The Winnipeg Police Service unveiled its violent-crime reduction strategy to lukewarm reviews at city hall, where normally supportive politicians damned the long-awaited plan with faint praise.

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Police Chief Keith McCaskill says law enforcement is one part of the equation when it comes to cutting crime.

WAYNE GLOWACKI / WINNIPEG FREE PRESS

Police Chief Keith McCaskill says law enforcement is one part of the equation when it comes to cutting crime.

The Winnipeg Police Service unveiled its violent-crime reduction strategy to lukewarm reviews at city hall, where normally supportive politicians damned the long-awaited plan with faint praise.

On Friday, the police announced a wide-ranging strategic road map for the next three years that covers everything from downtown safety and traffic enforcement to a new code of ethics for police officers and the need to hire a full-time police psychologist.

The centrepiece of the plan is a violent-crime reduction strategy that includes targets for reducing three categories of offences.

By 2014, the service intends to reduce the number of sexual assaults and strong-arm robberies in Winnipeg by three per cent and also cut down assaults by nine per cent.

In an effort to combat violent crime in general, the police service pledged to step up patrols of downtown Winnipeg and other high-crime areas, create a database of people likely to commit violent crimes, step up enforcement of apartment buildings where violent crime has been a problem and work with the Manitoba Liquor Control Commission to reduce alcohol abuse.

Police Chief Keith McCaskill described the strategy as "a fluid plan" where the objective is to use intelligence and statistical analysis to monitor crime hot spots and individuals more effectively than the service has done in the past.

"We believe that targeting specific areas is important," McCaskill told reporters at the Public Safety Building. "Things may change as we progress, but our goal is to put resources where they need to be, and we're doing that."

In a year when Winnipeg has broken its record for homicides -- 35 have been recorded to date -- city council has been desperate to hear what the police plan to do to combat violent crime.

Winnipeg Mayor Sam Katz said he would like more ambitious crime-reduction targets. "Honestly speaking, I would like them to be higher," Katz told reporters. "But they want to come up with numbers they believe they can attain."

Protection committee chairwoman Paula Havixbeck (Charleswood-Tuxedo), meanwhile, called the strategy "a good first pass" that may not put Winnipeggers at ease.

"I would have liked to see something a little stronger," she said, noting some of the plan's objectives have already been met.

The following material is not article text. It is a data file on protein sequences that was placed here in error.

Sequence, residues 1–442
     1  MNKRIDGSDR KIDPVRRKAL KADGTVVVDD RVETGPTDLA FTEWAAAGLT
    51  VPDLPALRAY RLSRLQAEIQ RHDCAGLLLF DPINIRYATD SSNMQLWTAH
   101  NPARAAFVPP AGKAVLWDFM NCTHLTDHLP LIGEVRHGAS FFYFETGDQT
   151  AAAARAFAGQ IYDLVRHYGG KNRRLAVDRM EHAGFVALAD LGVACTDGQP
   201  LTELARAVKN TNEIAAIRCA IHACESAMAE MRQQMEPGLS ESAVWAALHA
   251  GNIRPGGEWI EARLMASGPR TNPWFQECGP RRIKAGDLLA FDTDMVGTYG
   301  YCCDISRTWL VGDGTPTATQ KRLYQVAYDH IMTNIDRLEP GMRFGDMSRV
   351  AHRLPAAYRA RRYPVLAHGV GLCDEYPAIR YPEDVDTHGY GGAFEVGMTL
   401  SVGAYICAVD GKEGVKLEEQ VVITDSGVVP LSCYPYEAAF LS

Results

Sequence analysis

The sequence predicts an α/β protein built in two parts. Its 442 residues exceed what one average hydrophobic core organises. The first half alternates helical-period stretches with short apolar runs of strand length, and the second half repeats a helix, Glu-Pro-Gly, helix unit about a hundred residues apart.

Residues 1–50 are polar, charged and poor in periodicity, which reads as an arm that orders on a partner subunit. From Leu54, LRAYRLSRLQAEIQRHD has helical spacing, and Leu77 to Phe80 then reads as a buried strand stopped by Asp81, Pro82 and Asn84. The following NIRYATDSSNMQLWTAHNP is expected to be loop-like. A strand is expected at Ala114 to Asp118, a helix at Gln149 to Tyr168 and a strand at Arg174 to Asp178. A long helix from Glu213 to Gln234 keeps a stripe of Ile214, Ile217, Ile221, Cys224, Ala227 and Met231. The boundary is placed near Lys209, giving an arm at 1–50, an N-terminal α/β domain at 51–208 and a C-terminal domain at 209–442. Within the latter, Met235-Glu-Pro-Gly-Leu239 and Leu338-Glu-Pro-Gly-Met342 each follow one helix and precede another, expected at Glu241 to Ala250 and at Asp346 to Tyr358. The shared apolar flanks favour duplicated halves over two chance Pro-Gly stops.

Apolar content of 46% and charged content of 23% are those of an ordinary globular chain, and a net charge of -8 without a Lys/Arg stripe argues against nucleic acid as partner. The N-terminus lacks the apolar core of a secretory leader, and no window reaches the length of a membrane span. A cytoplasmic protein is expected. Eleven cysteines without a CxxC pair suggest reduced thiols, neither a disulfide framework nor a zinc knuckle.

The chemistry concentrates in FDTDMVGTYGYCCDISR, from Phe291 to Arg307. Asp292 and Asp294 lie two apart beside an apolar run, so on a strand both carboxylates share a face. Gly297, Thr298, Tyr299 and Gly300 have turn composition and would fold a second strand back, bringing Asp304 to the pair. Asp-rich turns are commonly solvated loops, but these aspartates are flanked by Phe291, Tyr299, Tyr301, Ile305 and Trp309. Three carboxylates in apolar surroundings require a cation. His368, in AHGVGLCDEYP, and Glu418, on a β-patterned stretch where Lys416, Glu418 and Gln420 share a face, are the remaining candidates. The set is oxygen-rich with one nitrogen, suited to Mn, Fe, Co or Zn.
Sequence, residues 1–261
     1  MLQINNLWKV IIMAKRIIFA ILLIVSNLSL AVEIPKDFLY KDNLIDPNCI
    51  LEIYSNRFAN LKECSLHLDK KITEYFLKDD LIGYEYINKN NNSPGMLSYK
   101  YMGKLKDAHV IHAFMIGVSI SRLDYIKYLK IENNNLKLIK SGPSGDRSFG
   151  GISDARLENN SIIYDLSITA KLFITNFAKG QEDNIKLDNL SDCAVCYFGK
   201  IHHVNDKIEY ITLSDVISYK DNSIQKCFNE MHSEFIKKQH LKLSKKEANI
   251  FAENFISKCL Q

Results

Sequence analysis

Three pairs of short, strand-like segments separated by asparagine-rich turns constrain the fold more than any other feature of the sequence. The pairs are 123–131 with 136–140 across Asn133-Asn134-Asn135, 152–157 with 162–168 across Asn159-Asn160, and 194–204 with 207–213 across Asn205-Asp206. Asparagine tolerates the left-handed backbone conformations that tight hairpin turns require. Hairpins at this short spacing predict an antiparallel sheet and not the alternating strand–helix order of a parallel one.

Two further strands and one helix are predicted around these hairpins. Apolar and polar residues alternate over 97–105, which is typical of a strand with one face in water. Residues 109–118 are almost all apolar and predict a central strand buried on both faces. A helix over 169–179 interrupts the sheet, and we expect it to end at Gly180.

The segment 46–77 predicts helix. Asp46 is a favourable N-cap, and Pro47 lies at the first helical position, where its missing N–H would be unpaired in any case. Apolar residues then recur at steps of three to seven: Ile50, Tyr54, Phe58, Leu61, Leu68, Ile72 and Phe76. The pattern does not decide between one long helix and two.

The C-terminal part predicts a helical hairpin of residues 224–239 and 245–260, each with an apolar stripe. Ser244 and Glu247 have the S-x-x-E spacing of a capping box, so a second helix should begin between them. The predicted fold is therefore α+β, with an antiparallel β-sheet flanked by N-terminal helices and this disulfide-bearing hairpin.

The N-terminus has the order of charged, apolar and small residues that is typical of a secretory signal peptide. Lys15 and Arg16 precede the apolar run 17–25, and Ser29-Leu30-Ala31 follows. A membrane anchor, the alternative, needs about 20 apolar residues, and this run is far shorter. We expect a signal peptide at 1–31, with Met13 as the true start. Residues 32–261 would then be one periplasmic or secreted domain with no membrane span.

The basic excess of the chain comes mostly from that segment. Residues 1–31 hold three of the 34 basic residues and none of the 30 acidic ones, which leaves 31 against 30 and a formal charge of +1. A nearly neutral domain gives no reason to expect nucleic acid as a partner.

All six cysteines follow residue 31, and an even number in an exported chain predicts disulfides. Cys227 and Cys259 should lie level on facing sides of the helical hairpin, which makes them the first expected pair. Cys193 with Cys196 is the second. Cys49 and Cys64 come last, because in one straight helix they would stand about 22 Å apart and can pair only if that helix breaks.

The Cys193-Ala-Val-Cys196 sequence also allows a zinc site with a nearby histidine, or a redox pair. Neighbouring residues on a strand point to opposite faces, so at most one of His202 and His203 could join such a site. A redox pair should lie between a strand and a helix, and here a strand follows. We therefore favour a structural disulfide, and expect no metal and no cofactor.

"There are concerns in the community about homicide, guns and access to guns."

Preventing homicide is difficult because of the unpredictable, individualistic nature of the offence, said McCaskill, noting 11 of the 35 homicides this year involved intoxicated victims and few were premeditated.

Homicide numbers fluctuate, agreed Katz, who added he's pleased the new plan will make the police service accountable, repeating his long-standing desire to ensure additional funding spent on policing results in safer streets.

Katz said former police chief Jack Ewatski asked for more resources to combat crime but did not produce a strategic plan.

Katz declined to ask why it took four years for McCaskill to produce his plan: "Just because there wasn't a plan on paper, I don't think you can come to the conclusion there wasn't a plan."

Aspects of the violent-crime reduction strategy were put in place as early as June, said McCaskill, adding the new direction has already allowed the police to meet with some success.

From January to October of this year, the police recorded 6,632 assaults, robberies, homicides and other violent incidents, compared with 7,199 incidents during the same 10 months of 2010, McCaskill said.

The police service achieved this through a combination of targeting crime hot spots and individuals, deploying more officers and redeploying other officers with the help of new auxiliary cadets and the police helicopter said McCaskill, who also credited community groups.

"We're part of the solution but there are so many different groups that are doing a lot of things, too," he said, repeating his long-standing view the police can't do the work of social service agencies.

"It is not only enforcement that is going to make a change. I've said many times there are many social issues (that) contribute to violent crime," he said, referring to poverty and family breakdown.

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